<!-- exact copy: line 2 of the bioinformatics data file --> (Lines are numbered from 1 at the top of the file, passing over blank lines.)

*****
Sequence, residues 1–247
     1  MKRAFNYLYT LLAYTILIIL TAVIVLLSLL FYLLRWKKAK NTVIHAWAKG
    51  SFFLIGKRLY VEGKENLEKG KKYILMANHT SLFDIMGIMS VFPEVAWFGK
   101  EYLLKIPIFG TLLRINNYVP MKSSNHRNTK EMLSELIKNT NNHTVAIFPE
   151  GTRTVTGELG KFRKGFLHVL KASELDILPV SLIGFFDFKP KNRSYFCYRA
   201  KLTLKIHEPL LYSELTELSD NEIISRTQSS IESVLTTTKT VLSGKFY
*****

     1  MKRAFNYLYT LLAYTILIIL TAVIVLLSLL FYLLRWKKAK NTVIHAWAKG